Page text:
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Volt drop in a reactance / resistance circuit

Discussion in 'General Electronics Discussion' started by Chickwolf, Jan 10, 2014.

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  1. Chickwolf

    Chickwolf

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    Jan 3, 2014
    Hello all, working through a circuit with both reactive and resistive components. I've worked out the Total resistance and the total current but im having trouble working out the volt drops over the components. I understand how to work out the volt drop over the resistor but im not sure what the method is for working it out over reactive components (the capacitor and inductor). Thumbnail attached shows my workings and the circuit.
    Thanks, Chick.
     

    Attached Files:

  2. Arouse1973

    Arouse1973 Adam

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    Dec 18, 2013
    No dc apart from leakage current of cap because cap blocks dc. I think they are trying to trick you. The power supply is a battery right?
    Adam
     
  3. (*steve*)

    (*steve*) ¡sǝpodᴉʇuɐ ǝɥʇ ɹɐǝɥd Moderator

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    Jan 21, 2010
    Yes Chickwolf, what Arouse1973 says!

    Unless they tell you about the initial charge on the capacitor and the initial inductor current, then the answer is simple.

    If they give both of the above (and there are other ways to put it) then the result is a function of time that (in this case) will be a series of ever reducing swings in voltage and current. The answer will be complex (in that it involves the square root of -1) and will require calculus to solve.

    If any of what I've said in the preceding paragraph sounds weird, bizzare, or way more than you've been taught, then it's pretty certain that the simple answer is what they're after (essentially that is the final result of the tricky stuff above)

    Remember that to a steady DC voltage, inductors are a short (0 ohms) in the long term, and capacitors are open (infinite ohms) in the long term.
     
  4. Chickwolf

    Chickwolf

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    Jan 3, 2014
    Ok, so if the don't give you the starting charge on the capacitor and the starting current on the inductor then it is easier to work out than if they do give it to you? Would it be possible for you to show me a method that can be used when they don't give you the initial values?
    Yes, the power supply is a battery, and I drew this circuit so I'm sorry if it is incorrect.
    Thanks a lot for the help.
    Chick.
     
  5. (*steve*)

    (*steve*) ¡sǝpodᴉʇuɐ ǝɥʇ ɹɐǝɥd Moderator

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    Jan 21, 2010
    The thing you need to ask yourself is "How much current flows through a capacitor when it has a constant DC voltage across it?"

    One you know the answer to that...
     
  6. Chickwolf

    Chickwolf

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    Jan 3, 2014
    Ok, I think I have got this now.
    If I work out the volt drops over each component:
    R = 392x10^-3x 25 = 9.8v
    Xc = 392x10^-3x 15 = 5.88v
    Xl = 392x10^-3x 20 = 7.84v
    Then subtract Xc from Xl, which equals 1.96v
    And lastly use Pythagoras's theorem to work out 1.96^2 +9.8^2 which equals 9.99v
    That is now correct is it not?
    Thanks, Chick.
     
    Last edited: Jan 13, 2014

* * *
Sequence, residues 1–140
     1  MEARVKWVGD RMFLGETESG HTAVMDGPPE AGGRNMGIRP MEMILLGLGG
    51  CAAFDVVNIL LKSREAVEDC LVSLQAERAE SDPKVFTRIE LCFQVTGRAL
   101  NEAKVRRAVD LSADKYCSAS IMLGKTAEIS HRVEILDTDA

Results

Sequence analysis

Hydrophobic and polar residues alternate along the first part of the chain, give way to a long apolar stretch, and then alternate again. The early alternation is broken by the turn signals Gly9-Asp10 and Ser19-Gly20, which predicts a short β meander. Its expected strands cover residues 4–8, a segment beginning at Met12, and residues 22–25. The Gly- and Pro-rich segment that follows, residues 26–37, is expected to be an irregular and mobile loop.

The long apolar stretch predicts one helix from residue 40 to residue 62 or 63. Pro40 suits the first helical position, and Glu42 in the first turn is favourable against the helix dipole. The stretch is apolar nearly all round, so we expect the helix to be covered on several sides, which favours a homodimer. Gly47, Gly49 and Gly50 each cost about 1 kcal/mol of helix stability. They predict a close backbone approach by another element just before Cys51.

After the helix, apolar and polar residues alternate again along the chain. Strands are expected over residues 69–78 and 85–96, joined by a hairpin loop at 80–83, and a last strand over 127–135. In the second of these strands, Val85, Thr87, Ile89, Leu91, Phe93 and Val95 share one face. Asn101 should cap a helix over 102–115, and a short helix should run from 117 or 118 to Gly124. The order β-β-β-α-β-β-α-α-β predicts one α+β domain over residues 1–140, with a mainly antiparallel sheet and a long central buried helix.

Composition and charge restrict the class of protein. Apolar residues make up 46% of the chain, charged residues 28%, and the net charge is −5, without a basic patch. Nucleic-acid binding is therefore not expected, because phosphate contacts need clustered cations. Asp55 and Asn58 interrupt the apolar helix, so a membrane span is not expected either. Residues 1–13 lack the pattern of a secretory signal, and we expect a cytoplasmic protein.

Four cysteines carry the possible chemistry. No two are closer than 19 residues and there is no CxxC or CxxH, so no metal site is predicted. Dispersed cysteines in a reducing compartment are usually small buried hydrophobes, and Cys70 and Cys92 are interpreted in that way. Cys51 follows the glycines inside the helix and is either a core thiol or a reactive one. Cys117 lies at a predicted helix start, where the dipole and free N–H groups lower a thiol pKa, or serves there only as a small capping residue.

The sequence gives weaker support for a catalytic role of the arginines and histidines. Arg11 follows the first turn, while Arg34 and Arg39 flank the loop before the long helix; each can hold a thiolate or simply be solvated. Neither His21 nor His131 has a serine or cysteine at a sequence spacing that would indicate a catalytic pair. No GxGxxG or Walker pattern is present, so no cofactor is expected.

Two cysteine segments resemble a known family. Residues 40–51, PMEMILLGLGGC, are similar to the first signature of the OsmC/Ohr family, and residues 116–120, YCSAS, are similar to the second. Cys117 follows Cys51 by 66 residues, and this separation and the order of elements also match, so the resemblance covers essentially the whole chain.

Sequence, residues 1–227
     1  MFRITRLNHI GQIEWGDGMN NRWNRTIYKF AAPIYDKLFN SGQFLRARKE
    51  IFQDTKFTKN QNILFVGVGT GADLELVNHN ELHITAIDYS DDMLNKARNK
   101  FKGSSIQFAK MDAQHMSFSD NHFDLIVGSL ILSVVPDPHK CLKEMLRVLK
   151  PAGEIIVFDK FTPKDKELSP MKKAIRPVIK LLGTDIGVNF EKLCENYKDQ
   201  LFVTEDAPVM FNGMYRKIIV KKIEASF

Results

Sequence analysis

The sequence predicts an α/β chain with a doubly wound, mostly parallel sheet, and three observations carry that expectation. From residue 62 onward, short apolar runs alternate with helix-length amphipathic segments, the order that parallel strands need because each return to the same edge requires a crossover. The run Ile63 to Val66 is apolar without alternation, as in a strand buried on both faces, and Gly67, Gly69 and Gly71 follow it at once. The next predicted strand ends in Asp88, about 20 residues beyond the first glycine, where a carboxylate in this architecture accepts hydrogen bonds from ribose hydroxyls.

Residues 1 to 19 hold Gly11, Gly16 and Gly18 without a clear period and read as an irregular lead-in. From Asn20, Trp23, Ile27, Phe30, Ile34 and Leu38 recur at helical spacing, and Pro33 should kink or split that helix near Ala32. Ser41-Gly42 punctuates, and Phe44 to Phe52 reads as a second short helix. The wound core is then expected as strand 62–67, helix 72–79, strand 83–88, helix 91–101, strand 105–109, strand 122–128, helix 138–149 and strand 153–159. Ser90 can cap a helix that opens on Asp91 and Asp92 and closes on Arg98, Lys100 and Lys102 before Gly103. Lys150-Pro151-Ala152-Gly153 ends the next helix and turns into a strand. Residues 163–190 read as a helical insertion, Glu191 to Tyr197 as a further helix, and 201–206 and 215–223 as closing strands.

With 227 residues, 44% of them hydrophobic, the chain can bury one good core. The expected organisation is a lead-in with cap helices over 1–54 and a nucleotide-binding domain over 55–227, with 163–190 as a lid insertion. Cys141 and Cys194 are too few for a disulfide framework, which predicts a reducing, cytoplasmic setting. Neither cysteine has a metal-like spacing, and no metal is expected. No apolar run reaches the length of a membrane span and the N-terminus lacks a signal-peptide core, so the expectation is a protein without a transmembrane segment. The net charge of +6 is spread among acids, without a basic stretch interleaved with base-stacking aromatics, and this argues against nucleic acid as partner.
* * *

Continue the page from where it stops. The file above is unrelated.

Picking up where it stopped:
7. (*steve*)

    (*steve*) ¡sǝpodᴉʇuɐ ǝɥʇ ɹɐǝɥd Moderator

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    Jan 21, 2010
    Ahhhh... No.

    First tell us what the current through the capacitor is. This is a very simple question assuming you're not supposed to give an answer which is expressed as a function over time.

    For the simple case, the current in all components is *exactly* the same.

    The big question is, are you supposed to use calculus or not? What is the level at which you are studying?
     
  8. Laplace

    Laplace

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    Apr 4, 2010
    Capacitors and inductors do not have a reactance value unless in the steady-state AC domain. Nor are phasor diagrams used unless in the steady-state AC domain. So was the original problem given with a battery symbol for the AC power source? Or was it the OP's idea to represent the AC voltage source with a DC battery symbol? How was the reactance value calculated without knowing the AC frequency? What was the exact wording of the original problem statement, and where did the battery symbol come from? Is this a steady-state AC phasor problem or is it a transient time domain problem?
     
  9. Chickwolf

    Chickwolf

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    Jan 3, 2014
    Ok, the circuit is powered by an AC power source but i have mistakenly copied up the circuit with a DC battery.The question is a steady-state AC phasor problem and the reactance was not calculated but given at the start of the problem.
    The circuit was not given by a teacher but it is one I came up with so that I can practice my method for working out AC phasor problems.
    Given that this is a phasor problem with a steady AC supply, are my workings correct?
     
  10. Laplace

    Laplace

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    184
    Apr 4, 2010
    What I got for the current is I= 5/13 -j(1/13), |I|= sqrt(2/13) = 0.39223227

    I don't see any problem with your calculations.
     
  11. Chickwolf

    Chickwolf

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    Jan 3, 2014
    Ok thanks everyone for helping me out with that, im sorry for the circuit being unclear!
     
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